How to Write a Resume for Beginners
How many resumes have you written?
Resumes can be difficult, try our advice!
So you need a job. Most places these days do not have forms for what they want to see from a candidate, so if you want to get a job, you have to know how to write a resume. Having been on both sides of the interview table, I have a few pointers.
There's a few things to remember when deciding to start your resume. First, you need to understand that this may be the first and only exposure someone in charge of your employment prospects actually sees. Therefore, it needs to make an impression. For entry level jobs or something along those lines, I was always willing to cut some slack on the paper it's written on. For more professional levels, I would highly recommend the investment. Higher quality paper shows that you actually care about the position and are willing to go the extra mile.
Next, the your name, address, phone number and email must go at the top. Doing all the work and forgetting a way of contacting you is basically just wasting paper and time. Make them bold, large size font, and keep it in a professional and legible style. New times roman is standard for a reason, there are a few alternatives, but i would just stick to basics. The last thing you want is to be judged for having some goofy font when you are trying to get a professional job. If you don't heed this advice, you'll be wasting your time and paper again. You already have enough challenges ahead.
Heres where you write the body or main part of your resume
You've selected a professional font and left your contact information at the top. Now what? You get the chance to sell yourself. Tell your prospective employer about your work history. If you don't have that, use organizations you are affiliated with. Have you volunteered at a soup kitchen, animal shelter, or any other service positions? What would your amateur league sports team say about you? How about a class you are enrolled in? Most positions will involve some level of sales, even if it is just that you need to present as if you know what you're doing, so now is your time to show you know how! Do not lie in any of your resume. This will come out one way or another. Embellishing a bit is OK, but only to make a point. If you don't have the paperwork to back up that time you did six tours in Vietnam, and you're only twenty five years old, its gonna be pretty obvious. If you were a cashier, instead of saying , "took customer's money and gave them goods" try instead, "provide quick and personal customer service with an emphasis on guest experience". This demonstrates that you are aware of the sales aspect involved in any job.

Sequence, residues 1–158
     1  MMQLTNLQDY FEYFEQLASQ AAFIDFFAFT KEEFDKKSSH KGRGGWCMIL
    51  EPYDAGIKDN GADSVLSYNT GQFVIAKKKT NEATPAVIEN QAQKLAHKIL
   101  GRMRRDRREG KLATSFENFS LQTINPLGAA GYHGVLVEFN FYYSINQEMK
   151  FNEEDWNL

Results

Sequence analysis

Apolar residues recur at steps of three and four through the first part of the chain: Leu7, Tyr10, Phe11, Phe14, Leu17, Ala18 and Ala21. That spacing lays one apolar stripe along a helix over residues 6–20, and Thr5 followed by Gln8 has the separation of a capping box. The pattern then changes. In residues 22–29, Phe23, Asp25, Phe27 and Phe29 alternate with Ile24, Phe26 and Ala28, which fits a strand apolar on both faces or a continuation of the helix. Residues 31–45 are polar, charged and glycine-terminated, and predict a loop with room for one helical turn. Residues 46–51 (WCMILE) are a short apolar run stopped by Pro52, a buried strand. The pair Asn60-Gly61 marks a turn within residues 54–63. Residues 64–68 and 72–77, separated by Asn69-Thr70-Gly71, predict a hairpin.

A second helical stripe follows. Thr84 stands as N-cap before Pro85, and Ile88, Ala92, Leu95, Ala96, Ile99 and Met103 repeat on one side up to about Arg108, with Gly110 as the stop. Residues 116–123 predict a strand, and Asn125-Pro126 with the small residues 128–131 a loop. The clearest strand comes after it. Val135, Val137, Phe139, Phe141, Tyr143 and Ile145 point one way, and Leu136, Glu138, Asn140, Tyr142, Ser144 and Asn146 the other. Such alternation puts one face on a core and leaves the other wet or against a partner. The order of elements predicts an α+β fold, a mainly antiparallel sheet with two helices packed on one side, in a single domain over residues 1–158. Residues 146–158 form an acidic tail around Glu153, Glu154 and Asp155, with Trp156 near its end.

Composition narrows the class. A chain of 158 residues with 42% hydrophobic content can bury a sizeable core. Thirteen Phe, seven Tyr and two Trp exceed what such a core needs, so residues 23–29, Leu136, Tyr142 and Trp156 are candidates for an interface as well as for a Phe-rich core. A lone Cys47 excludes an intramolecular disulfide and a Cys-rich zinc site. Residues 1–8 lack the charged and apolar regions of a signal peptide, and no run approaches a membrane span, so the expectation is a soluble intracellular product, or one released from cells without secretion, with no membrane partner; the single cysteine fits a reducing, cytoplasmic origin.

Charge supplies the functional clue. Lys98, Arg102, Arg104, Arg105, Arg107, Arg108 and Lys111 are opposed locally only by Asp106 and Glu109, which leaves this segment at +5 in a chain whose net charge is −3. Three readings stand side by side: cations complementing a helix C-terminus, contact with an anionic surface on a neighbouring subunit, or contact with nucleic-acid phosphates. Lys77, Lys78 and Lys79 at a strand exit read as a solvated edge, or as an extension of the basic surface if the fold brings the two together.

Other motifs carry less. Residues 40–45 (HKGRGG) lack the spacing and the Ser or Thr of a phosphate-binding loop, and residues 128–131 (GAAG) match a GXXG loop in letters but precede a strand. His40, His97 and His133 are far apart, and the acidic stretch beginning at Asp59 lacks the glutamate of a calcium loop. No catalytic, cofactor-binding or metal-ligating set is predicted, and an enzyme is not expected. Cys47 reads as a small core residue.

The fact that you are willing to recognize what your future employer is looking for goes a long way as well. Do research on your application site. Tailor your resume to fit their needs. A resume for a floor sweeping position is going to be very different than one for a security guard. Both have entry level positions, but have vastly different needs. For example, you will not usually need to focus on adequate supply of cleaning detergents in a security position, much the same as a master of the janitorial arts usually will not need to be proficient in high risk de-escalation skills.
Now that you have taken all the advice above to heart, and somehow translated that to paper, or a word document, what now? You need people who will back up your claims, so I would have at least two references. Usually these are people in respectable positions that you feel would vouch for whatever you are claiming. You should really talk to them in advance, so they are ready to discuss your performance with your prospective employer. A name, title, and phone number under the heading of "references" is usually enough.
This is a pretty quick way to understand how to write a resume, and if you follow the advice and do follow up calls, and keep in touch, you just might land that position you've been waiting for!